The characterization and writing style of Buried Beneath the Baobab Tree is phenomenal. The unnamed narrator has a strong voice, dreams, desires and an entire quirky family that she loves before the men of Boko Haram kidnap her and destroy her life. The writing style transports you to Nigeria, with its idioms, traditions and sense of community. It gives you a glimpse at the soul of the narrator, who is very present in her life in rural Nigeria.
Buried Beneath the Baobab tree is an honest look at the situation in Northern Nigeria and the country’s fight against Boko Haram. The book doesn’t shy away from the tough stuff, and be warned, it can be fairly graphic, but not unnecessarily so. It’s a literary work of art and a great tool for bringing awareness to a conflict in the world that you may have never heard of or perhaps lost touch with over the years.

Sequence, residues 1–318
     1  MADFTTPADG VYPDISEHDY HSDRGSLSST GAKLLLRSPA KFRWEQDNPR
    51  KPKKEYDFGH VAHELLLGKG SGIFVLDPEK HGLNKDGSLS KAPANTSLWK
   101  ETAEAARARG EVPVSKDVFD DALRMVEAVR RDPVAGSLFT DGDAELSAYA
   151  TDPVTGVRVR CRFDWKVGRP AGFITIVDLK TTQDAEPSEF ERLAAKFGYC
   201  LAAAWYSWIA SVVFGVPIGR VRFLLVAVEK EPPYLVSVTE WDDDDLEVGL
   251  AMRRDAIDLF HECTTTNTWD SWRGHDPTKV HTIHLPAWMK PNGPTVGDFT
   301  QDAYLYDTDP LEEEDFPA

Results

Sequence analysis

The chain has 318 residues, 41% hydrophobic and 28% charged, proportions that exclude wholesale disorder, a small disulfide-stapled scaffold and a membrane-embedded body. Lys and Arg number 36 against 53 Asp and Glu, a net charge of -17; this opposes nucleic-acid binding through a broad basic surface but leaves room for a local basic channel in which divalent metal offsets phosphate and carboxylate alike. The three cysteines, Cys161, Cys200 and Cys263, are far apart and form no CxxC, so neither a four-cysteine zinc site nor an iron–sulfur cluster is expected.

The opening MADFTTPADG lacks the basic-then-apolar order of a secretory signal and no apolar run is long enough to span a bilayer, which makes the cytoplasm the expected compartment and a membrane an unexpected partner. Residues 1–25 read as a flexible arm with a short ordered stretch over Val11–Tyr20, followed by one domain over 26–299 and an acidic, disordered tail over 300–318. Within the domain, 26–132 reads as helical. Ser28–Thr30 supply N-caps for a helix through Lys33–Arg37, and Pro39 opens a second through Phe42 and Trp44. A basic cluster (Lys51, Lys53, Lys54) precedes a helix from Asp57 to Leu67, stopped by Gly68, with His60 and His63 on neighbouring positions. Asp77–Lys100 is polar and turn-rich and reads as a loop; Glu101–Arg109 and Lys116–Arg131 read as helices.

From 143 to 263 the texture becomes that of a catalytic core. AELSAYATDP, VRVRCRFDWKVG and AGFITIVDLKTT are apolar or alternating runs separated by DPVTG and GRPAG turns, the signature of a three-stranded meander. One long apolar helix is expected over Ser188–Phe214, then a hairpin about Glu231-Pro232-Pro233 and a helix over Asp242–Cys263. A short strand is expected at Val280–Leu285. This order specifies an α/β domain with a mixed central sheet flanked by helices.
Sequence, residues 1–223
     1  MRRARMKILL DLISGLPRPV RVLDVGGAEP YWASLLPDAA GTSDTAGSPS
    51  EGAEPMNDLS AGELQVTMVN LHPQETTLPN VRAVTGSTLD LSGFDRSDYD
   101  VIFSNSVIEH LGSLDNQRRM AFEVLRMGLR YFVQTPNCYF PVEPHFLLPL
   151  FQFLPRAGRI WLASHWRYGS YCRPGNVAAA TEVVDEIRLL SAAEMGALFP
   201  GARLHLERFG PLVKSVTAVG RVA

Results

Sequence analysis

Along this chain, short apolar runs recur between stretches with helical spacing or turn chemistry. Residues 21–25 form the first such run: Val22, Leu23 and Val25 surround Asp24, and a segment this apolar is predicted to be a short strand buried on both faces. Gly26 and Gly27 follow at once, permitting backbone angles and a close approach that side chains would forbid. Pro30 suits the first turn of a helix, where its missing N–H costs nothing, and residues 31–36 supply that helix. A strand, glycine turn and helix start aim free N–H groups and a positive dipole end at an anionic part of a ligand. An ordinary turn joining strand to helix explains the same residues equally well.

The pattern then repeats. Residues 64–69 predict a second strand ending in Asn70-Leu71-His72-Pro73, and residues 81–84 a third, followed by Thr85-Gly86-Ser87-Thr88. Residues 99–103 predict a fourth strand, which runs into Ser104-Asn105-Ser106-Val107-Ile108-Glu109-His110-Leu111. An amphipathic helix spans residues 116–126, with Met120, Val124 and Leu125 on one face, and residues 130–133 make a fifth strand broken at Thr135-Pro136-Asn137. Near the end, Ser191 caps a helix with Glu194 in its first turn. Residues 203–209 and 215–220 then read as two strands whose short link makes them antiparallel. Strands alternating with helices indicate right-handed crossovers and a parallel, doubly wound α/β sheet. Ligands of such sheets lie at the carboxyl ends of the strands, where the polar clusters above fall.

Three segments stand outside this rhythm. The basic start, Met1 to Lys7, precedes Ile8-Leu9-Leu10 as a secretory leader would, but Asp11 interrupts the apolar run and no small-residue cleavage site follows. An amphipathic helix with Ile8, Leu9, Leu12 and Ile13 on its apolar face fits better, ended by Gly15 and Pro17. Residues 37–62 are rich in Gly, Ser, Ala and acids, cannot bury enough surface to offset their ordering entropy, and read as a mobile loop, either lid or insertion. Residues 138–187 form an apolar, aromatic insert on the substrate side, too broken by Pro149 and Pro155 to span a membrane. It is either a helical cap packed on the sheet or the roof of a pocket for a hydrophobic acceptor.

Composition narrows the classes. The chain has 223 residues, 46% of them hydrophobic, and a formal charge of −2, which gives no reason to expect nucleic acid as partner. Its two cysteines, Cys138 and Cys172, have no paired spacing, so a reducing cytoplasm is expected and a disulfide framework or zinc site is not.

My only criticism of the book is that the story ends abruptly and does not look at how the girl’s life moves on after she escapes Boko Haram. I would have liked more about her returning to her life, especially since you learn in the afterword that girls who escape Boko Haram face community stigma and government barriers that prevent them returning home.
I highly recommend reading Buried Beneath the Baobab Tree. It’s very short, and it’s a beautifully written exploration of an impossible situation some girls are facing in Nigeria today.